Always Watch Your Step: Joel Smith and the Log that Wasn’t

Always Watch Your Step: Joel Smith and the Log that Wasn’t

With many years of recovery under his belt, Joel Smith devotes his days to substance use treatment by running a medical detox program. Helping people find wellness and sobriety is a real passion of his, but he’s equally enthusiastic about the outdoors. Spending time in nature is how he takes care of his mental health.

Aside from his day job, Joel is a brand ambassador for an outdoors social media app called GoWild and a member of the board of directors for the Texas Chapter of Backcountry Hunters & Anglers. Hunting and fishing hold a place in his heart, but camping, hiking and simply being outside and connecting with nature all come in as a close second.

Joel loves the concept of sourcing his own food from nature, minimizing his impact and avoiding the outsourced murder of meat and animal products. He’ll tell you that there’s a big difference between the wild elk he shot with his bow, processed and brought home from Utah, and the ground beef you buy from the grocery store.

In fact, one of Joel’s most memorable outdoor experiences involves elk hunting. While he’s been several times, his favorite trip was solo. He went out in the national forest alone, just his bow and his gear, and didn’t see another human being for almost a week. Shooting the elk, processing it in the woods, carrying it back to camp and bringing it home is something he’ll never forget.

"He stepped down on what he thought was a log, and soon realized it was a five-foot, slow-moving gator tail under his very feet."

The Log that Wasn’t

Another memorable trip for Joel involves a log and a lot of screaming; you might say it’s notable for a different reason entirely. Out in East Texas, on the coast near the Louisiana border, Joel was duck hunting with three or four friends. Waders on, weapon in hand and friends in tow, he made his way through the swamp with his target in mind, worrying more about the destination than the muddy water below—a gator’s natural habitat. Joel had never seen one close by before; they tend to steer clear of humans in less populated areas. Today, he wasn’t so lucky. After shooting a few birds, he and his friends ventured out into the pond to round them up. He stepped down on what he thought was a log… and soon realized it was a five-foot, slow-moving gator tail under his very feet. 

If you know much about gators, you’ll know that a five-foot tail means a 10-foot reptile, but Joel wasn’t about to stick around and do the math. In full-on panic mode, he tucked tail and ran screaming towards the bank. Luckily no one was hurt, and his friends had a good laugh, but that gator’s never left Joel’s mind, especially when wading through wetlands on the Gulf Coast. To this day, with every stick, stump or fishing line that swishes past his leg, his first thought is “gator,” but he didn’t let it stop him then—he kept right on hunting—and you can bet it won’t now.

Keep On Walking

Joel’s a magnet for this sort of thing, he says. It might be the only time he’s run right into a 10-foot gator, but he walked out into another body of water once, took a step, and dropped off into a neck-deep alligator hole in 38-degree water. Wet clothes and winter wind make for an icy trip, but once again, it didn’t stop him. Joel was cold, but not cold enough to quit hunting.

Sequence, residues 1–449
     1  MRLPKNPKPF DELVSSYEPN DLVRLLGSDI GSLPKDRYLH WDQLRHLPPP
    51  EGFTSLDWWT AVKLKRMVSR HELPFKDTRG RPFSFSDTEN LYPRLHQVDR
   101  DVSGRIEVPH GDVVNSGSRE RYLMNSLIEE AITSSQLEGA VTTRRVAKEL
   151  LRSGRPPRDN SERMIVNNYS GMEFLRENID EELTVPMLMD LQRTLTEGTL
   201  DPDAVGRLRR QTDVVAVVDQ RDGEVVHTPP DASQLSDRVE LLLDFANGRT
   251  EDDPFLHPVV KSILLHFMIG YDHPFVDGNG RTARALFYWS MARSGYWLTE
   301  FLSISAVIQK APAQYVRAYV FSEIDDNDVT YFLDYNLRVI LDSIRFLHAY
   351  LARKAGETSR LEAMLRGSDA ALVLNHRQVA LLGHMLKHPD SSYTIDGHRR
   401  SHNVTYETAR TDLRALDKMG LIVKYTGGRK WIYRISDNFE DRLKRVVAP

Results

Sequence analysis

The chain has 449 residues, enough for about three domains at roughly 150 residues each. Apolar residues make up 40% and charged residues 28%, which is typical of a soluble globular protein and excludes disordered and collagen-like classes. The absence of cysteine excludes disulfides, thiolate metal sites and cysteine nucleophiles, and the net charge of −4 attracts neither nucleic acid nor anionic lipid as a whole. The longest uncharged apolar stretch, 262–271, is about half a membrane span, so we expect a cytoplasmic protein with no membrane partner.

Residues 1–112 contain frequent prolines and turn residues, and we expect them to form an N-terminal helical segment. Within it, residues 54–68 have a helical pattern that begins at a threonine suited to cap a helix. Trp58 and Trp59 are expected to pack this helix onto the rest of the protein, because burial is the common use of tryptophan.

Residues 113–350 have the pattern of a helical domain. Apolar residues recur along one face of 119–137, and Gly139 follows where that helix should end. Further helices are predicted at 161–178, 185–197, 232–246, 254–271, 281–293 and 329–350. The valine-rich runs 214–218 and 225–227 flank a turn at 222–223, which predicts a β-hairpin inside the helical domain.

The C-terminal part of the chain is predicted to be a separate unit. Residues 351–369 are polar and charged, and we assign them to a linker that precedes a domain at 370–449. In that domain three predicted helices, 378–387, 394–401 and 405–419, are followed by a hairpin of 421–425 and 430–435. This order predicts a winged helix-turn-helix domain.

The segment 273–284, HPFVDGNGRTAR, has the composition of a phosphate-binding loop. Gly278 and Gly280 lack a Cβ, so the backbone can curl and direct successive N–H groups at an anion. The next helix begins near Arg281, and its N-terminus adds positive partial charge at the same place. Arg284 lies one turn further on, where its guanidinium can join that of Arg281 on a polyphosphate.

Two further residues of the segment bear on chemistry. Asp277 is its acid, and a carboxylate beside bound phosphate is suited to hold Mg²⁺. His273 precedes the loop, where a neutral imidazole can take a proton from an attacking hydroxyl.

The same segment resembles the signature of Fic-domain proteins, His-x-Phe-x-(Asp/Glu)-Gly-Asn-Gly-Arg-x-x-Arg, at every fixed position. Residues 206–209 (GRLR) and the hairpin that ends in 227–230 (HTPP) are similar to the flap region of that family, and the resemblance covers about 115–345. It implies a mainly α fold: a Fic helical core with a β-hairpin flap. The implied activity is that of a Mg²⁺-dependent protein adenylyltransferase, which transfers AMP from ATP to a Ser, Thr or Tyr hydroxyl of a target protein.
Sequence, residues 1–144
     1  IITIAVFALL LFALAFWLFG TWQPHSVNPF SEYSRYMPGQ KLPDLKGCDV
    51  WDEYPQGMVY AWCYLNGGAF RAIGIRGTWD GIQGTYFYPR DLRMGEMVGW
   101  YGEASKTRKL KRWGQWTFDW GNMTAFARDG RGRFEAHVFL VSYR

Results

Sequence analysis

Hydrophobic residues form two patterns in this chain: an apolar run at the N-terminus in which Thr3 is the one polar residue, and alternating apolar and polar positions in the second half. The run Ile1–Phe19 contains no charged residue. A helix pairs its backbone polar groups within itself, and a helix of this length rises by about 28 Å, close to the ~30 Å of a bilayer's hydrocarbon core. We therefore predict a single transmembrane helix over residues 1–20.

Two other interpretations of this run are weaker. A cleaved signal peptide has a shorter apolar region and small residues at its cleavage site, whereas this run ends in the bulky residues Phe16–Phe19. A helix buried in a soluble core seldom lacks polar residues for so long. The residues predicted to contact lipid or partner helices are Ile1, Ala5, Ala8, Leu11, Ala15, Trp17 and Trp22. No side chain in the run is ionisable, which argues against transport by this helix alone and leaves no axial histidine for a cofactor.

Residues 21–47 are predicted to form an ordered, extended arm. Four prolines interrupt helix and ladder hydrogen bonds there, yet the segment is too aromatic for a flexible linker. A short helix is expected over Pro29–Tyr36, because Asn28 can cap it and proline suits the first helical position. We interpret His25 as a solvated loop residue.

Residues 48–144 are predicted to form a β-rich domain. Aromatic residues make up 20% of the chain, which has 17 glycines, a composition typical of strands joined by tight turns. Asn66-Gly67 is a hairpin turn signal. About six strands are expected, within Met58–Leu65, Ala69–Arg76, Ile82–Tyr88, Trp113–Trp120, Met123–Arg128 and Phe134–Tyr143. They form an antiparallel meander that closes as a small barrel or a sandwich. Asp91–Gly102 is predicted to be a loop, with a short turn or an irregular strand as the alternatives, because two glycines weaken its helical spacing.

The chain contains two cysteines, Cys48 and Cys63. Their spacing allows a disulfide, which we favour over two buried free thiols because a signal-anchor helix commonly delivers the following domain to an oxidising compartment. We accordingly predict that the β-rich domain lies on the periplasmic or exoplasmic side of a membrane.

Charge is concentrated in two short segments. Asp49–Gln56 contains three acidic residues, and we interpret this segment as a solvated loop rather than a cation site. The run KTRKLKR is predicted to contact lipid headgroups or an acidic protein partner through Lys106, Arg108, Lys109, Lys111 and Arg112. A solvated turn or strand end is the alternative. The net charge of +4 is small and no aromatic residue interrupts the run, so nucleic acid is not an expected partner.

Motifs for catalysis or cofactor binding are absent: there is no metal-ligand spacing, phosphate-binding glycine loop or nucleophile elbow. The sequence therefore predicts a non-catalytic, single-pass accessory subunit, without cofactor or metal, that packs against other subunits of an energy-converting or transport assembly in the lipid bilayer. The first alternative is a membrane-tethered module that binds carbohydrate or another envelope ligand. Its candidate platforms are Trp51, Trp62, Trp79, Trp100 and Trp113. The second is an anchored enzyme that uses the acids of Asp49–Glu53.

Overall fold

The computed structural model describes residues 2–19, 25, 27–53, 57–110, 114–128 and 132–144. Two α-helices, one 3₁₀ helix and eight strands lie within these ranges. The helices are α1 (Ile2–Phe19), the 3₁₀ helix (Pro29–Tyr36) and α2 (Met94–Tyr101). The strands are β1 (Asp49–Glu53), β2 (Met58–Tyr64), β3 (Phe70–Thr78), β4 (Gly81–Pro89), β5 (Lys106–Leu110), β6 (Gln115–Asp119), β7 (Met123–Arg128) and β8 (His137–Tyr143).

It seems that the moral of Joel’s story is simply to keep doing what you love, despite set-backs, gators, holes and more. “Just act as if there’s no gators in the water, and keep on walking, even if there are,” Joel would say to anyone struggling with similar fears. “When you’re passionate about something, you can’t let fear of the unknown get in the way of doing what you love.”

"When you’re all alone, you’ve got no one to reinforce, no one to encourage you to stick with it and keep pushing."

As he was driving into the national forest alone on his elk hunting trip, he experienced similar anxiety. “When you’re all alone, you’ve got no one to reinforce, no one to encourage you to stick with it and keep pushing. You’ve only got yourself to rely on, and you have to have confidence in your willpower and your own abilities.” There were several times when he wanted to quit; to give up and go home, and that confidence was about all he had to keep him going. “The first time you go to sleep all alone like that, with no one else around for miles, you’re much more keenly aware of every sound; every broken twig, every animal noise brings to mind a bear when it’s more likely a squirrel.” He kept going, though, and was rewarded with one of the most amazing trips of his life. 

When things get tough, you tough it out. When you learn to rely on yourself for things like food, shelter, water, sheer grit and perseverance, Joel notes that there’s a certain confidence and positivity that comes along with overcoming adversity in that way. 

The bottom line? Just keep wading along towards your passion; you can’t let a silly ten-foot gator stop you from doing what you love.

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